This summer, AI will be put through virtual mazes designed to test the intelligence of lab animals.
Never mind what Jane Goodall thinks: In an otherwise silly article about the “evolution” of religion, journalist Brandon Ambrosino quotes primatologist Jane Goodall on the topic of… religious belief among apes: “The chimpanzee’s brain is so like ours: they have emotions that are clearly similar to or the same as those that we call happiness, […]
So what, you say? Well, consider: We have no evidence that the relationship “evolved.” We are informed that we ought to see it as evolution but—as so often—we find the same patterns prevailing in the past, without any evolution.
In a respectable venue. That’s so rare now. Noticing actual differences is radical in an age when politically correct nonsense is a form of virtue.
Maybe greater social intelligence is the outcome of a much higher order of underlying intelligence in humans?
. . . By inserting human genes? The UK Daily Mail summarises news reports making the rounds: The report details: A new study into the unique evolution of human intelligence has raised ethical concerns after Chinese scientists implanted human brain genes into monkeys to boost their development. Researchers inserted human versions of MCPH1, a gene that […]
But why was that a big issue anyway? Cats fare poorly overall in this either/or thinking. They are usually relegated to being “less intelligent than dogs.” Hence the researchers’ surprise that cats can learn their names. But if the cat can recognize and react to the household car pulling up the drive, a specific footstep […]
Male birds are more likely to do so: After a five-year experiment, researchers from Florida State University and the Tallahassee-based Tall Timbers Research Station found that when fewer mates were available for brown-headed nuthatches, these small pine-forest birds opted to stay home and help their parents or other adults raise their offspring… Associate Professor of […]
Popscience: No natural mechanism is remotely suggested, so we must assume that it is sheer mental power, of the sort that we species-ists once thought existed only in humans, that enables the hen bird to plan for her chicks’ future. Shame on us!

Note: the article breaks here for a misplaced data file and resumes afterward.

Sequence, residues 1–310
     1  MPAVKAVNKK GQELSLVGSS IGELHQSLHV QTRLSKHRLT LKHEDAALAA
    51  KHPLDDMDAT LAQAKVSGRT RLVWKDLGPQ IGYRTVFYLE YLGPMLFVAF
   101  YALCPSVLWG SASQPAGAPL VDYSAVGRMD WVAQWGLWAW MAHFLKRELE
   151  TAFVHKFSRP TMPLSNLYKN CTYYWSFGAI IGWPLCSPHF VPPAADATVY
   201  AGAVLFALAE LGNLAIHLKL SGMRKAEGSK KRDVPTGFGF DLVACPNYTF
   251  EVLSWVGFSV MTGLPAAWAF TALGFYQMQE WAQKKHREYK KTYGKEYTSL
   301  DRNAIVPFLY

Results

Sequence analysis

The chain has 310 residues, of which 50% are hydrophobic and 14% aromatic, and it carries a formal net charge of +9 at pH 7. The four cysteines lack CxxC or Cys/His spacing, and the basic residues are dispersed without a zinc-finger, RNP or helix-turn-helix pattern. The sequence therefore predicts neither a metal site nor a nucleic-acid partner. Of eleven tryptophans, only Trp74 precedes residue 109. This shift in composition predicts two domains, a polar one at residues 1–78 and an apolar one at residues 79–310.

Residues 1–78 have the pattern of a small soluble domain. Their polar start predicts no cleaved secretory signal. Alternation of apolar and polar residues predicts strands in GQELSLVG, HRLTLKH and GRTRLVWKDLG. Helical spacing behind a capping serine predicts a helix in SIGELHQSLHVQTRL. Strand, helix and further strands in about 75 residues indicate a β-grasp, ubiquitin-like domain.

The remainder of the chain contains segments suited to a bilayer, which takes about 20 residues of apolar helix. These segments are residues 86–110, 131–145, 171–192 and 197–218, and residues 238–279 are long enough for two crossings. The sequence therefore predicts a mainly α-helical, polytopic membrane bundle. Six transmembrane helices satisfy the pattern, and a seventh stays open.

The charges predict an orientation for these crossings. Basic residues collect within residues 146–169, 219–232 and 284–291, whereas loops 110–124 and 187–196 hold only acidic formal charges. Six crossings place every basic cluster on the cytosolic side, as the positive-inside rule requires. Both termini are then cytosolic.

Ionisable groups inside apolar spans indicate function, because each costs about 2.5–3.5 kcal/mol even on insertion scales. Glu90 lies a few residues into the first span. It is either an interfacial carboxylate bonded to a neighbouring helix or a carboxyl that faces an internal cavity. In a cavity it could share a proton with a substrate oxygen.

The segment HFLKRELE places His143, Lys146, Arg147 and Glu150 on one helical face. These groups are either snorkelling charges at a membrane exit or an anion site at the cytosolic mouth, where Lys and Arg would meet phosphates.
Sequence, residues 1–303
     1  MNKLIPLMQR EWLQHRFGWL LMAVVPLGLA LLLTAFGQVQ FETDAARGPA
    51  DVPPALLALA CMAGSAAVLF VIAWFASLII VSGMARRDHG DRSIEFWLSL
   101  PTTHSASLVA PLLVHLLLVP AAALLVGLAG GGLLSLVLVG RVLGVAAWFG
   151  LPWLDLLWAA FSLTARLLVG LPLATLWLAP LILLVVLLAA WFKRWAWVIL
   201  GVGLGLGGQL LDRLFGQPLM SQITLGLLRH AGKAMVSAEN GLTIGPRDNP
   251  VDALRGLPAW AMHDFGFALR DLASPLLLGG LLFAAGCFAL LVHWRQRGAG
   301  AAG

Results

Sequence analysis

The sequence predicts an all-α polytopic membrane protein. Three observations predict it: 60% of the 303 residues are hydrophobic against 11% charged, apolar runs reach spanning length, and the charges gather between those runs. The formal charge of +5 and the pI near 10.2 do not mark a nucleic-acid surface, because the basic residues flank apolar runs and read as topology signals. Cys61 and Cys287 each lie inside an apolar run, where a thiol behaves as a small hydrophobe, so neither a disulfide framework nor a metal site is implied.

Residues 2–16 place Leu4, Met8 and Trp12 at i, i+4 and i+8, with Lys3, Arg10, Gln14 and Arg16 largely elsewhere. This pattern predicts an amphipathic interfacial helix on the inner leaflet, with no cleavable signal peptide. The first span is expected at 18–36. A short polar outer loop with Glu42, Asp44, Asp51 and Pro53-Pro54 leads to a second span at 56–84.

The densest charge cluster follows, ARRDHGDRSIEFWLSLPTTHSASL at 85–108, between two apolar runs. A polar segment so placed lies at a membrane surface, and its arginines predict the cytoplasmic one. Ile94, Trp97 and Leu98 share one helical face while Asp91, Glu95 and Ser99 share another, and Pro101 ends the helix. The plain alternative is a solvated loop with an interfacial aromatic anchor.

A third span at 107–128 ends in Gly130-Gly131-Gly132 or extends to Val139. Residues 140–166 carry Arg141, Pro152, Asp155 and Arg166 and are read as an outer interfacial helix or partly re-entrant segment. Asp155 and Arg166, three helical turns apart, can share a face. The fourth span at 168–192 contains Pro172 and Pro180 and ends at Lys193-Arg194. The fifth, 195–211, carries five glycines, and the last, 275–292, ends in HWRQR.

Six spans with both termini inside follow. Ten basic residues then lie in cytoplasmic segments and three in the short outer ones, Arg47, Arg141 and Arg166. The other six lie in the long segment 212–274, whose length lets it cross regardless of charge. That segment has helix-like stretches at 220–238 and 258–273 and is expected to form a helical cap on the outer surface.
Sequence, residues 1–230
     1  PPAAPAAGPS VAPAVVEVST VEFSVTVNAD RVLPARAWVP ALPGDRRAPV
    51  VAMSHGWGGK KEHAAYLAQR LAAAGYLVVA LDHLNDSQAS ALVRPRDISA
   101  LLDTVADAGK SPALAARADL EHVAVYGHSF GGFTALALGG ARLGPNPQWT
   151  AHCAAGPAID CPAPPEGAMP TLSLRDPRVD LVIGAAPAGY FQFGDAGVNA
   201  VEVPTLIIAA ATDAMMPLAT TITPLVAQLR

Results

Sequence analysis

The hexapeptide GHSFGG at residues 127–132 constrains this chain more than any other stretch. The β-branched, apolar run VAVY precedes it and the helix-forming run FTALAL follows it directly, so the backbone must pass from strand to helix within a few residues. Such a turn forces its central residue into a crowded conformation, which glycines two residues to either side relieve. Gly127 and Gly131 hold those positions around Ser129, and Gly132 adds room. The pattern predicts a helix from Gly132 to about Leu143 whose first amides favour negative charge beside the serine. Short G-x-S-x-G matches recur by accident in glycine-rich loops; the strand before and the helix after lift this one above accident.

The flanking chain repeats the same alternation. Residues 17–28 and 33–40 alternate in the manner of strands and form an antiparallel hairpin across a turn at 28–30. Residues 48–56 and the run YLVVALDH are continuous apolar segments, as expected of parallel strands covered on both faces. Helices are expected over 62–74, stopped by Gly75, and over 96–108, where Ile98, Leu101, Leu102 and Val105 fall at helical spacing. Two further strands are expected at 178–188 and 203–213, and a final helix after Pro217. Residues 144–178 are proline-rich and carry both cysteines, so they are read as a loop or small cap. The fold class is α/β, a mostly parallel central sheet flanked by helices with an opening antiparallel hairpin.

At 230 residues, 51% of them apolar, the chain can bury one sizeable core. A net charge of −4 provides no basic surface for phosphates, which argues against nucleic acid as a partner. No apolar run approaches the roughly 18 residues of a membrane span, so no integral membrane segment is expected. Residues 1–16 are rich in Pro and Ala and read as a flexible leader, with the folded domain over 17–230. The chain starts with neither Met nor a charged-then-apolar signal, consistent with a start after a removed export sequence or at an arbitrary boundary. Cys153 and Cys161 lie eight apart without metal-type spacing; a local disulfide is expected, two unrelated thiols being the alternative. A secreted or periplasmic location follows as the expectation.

Yes, if you believe the mirror test proves it: The bluestreak cleaner wrasse has passed the famous mirror test for self-recognition (originally intended for primate apes and monkeys). According to a recent paper (open access), three out of four fish tested by researchers from Osaka City University in Japan were able to learn to identify […]
Dr. Egnor explains, “Language is a tool for abstract thinking—a necessary tool for abstraction—and humans are the only animals who think abstractly”: In his discussion of why only humans have language, science writer Tom Siegfried gets a lot right, but he misses the crucial reason. … Siegfried is right that many non-human animals have the […]
The behavior of the slime mold (if that’s what it is) sounds altogether too modern for Dr. Cohen’s liking. That’s understandable. See, for example, “Is an amoeba smarter than your computer? (yes, in certain respects, it is) The trouble is, many forms of behaviour, like nest-sharing and parental care, have been found earlier than expected. We shall see.
Pat Suwonpanich has made a comment on hearing and sound as a mental phenomenon leading to questions of conscious mind that I think is worth pondering by one and all, so let us headline (with slight edits): >>For those who wanna read less-technical article on hearing, I have tried to write my own article as […]
It’s now thought that honey bees “shimmer” in order to protect themselves from hornets: What this essentially does it make is extremely difficult for hornets to swoop in and land on their massive huddle to prey on individual bees. Kastberger and his colleagues noted in their research that shimmering can create what they described as […]
Nature is full of intelligence but mostly it does not resemble human intelligence. In some ways it works better than computer intelligence.